Abstract Since 1995, the global LNG industry has mounted a recovery of vitality and energy few in the 1980s thought likely. Improvements in technology that lowered its incremental production, transportation, and regasification costs combined with resurgence in worldwide natural gas demand and price to force LNG into the energy limelight as never before. This paper presents an overview of global LNG capacities—production, shipping, and regasification—as of Jan. 1, 2008. It will also review world LNG markets, look at individual regions and projects, and conclude with a view of near and mid-term industry issues. 1. Introduction The nature of natural gas as a fuel restricted it to regional use throughout most of the last half of the 20th Century. Limited means of moving gas conspired with small and scattered world markets to keep the fuel cheap and often, where produced, flared as a nuisance. Even with advent of larger and longer regional, and sometimes interregional pipelines, natural gas use remained geographically constrained. Mostly in Asia and mainly due to steady growth of Japanese and Korean demand did LNG grow over the last 30 years of the 20th Century. By the end of the 20th Century, however, it had become clear to the global natural gas industry that the technical means for moving natural gas in its cryogenic state—liquefied, that is—held the potential for circumventing regional and global geographic barriers. Demand in the 1990s, pushed by public recognition of gas as a more environmentally benign fuel than oil or coal, helped force up the incremental value of natural gas (per million cubic feet/day, MMcfd; or million cubic meters). These two forces—demand and price—then combined to revive the LNG industry outside Asia from the stagnation it had largely fallen into in the late 1980s after a brief surge in the 1970s. By the late 1990s, moving supplies of natural gas as LNG from such formerly stranded areas as off Western Australia, Qatar, and West Africa to markets many miles distant over oceans and seas became not only possible but also economical. By the first decade of the 21st Century, nations with large reserves of natural gas were pushing to develop liquefaction projects, setting off waves of shipbuilding and of plans for regasification projects in market areas. This paper presents an overview of global LNG capacities—production, transportation, and regasification—as of Jan. 1, 2008. It will also review world LNG markets, look at individual regions and projects, and conclude with a view of industry issues. 2. Markets The promise of global LNG is the promise of minimal or no market-specific or geographic barriers to trade, a vision that is unlikely ever to be realized. From the beginning, long-term contracts of generally 20 years dominated and continue to characterize most commercial arrangements. But pricing references differ for Asia-Pacific, Europe, and North America. Each of these regional markets has its own pricing mechanism that reflects and reinforces geographic barriers among them. These commercial differences combined with regional concentrations of end users and with the nature of natural gas will likely prevent the kind of global fungibility found in crude oil and its products.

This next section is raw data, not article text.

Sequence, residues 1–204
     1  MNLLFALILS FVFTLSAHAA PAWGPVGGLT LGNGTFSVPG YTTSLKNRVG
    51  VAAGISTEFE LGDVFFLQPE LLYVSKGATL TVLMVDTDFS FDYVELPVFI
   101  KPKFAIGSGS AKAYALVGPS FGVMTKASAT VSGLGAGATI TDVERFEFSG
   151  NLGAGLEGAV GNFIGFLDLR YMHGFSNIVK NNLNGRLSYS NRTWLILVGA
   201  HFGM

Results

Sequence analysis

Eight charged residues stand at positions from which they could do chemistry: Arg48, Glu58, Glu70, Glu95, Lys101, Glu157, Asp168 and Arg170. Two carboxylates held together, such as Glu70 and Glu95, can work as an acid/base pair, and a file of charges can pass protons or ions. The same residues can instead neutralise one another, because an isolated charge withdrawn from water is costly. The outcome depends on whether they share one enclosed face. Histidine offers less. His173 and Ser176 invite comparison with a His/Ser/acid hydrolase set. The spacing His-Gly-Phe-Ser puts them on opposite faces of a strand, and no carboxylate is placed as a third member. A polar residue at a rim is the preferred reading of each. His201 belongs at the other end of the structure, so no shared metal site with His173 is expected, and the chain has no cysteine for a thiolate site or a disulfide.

LNG has emerged as an important element to the international trade in natural gas. It is currently the only commercially available technology for transporting natural gas over open waters. Although the industry requires expensive transfer and storage facilities, LNG has found ready markets in Europe, Japan, and the U.S., and is projected to grow over the next ten years as new projects and markets are developed.
This paper will examine the underpinnings of the evolutionary changes that the global LNG market has been experiencing over the past few years. It is clear that the fundamentals of the industry have shifted from their previous position and this paper will trace the developments that are taking place as the industry strives to find a new position in the global energy matrix.
The paper will also pay special attention to the shifting bases that demarcate the very exciting Atlantic Basin LNG market. This particular segment of the LNG business has emerged as a driver for much of the market changes being currently experienced and forecast activity in this geographical location is significant enough to the global business to demand special emphasis.